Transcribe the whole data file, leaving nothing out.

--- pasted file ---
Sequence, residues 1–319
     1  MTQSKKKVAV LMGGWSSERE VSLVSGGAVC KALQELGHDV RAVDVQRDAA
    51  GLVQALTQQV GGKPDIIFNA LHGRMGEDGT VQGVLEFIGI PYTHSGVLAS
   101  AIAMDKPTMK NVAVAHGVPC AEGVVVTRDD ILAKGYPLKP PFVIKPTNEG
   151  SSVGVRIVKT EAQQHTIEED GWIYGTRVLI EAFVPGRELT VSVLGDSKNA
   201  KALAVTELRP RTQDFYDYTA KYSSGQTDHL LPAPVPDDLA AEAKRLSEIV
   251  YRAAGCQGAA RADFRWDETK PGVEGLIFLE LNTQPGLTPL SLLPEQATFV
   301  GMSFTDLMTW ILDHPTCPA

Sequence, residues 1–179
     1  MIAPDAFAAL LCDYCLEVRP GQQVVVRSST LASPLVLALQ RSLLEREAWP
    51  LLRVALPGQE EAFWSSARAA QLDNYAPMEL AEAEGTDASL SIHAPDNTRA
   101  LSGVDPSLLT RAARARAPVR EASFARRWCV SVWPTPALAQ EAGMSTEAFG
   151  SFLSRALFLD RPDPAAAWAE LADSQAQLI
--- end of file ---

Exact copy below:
Sequence, residues 1–319
     1  MTQSKKKVAV LMGGWSSERE VSLVSGGAVC KALQELGHDV RAVDVQRDAA
    51  GLVQALTQQV GGKPDIIFNA LHGRMGEDGT VQGVLEFIGI PYTHSGVLAS
   101  AIAMDKPTMK NVAVAHGVPC AEGVVVTRDD ILAKGYPLKP PFVIKPTNEG
   151  SSVGVRIVKT EAQQHTIEED GWIYGTRVLI EAFVPGRELT VSVLGDSKNA
   201  KALAVTELRP RTQDFYDYTA KYSSGQTDHL LPAPVPDDLA AEAKRLSEIV
   251  YRAAGCQGAA RADFRWDETK PGVEGLIFLE LNTQPGLTPL SLLPEQATFV
   301  GMSFTDLMTW ILDHPTCPA

Sequence, residues 1–179
     1  MIAPDAFAAL LCDYCLEVRP GQQVVVRSST LASPLVLALQ RSLLEREAWP
    51  LLRVALPGQE EAFWSSARAA QLDNYAPMEL AEAEGTDASL SIHAPDNTRA
   101  LSGVDPSLLT RAARARAPVR EASFARRWCV SVWPTPALAQ EAGMSTEAFG
   151  SFLSRALFLD RPDPAAAWAE LADSQAQLI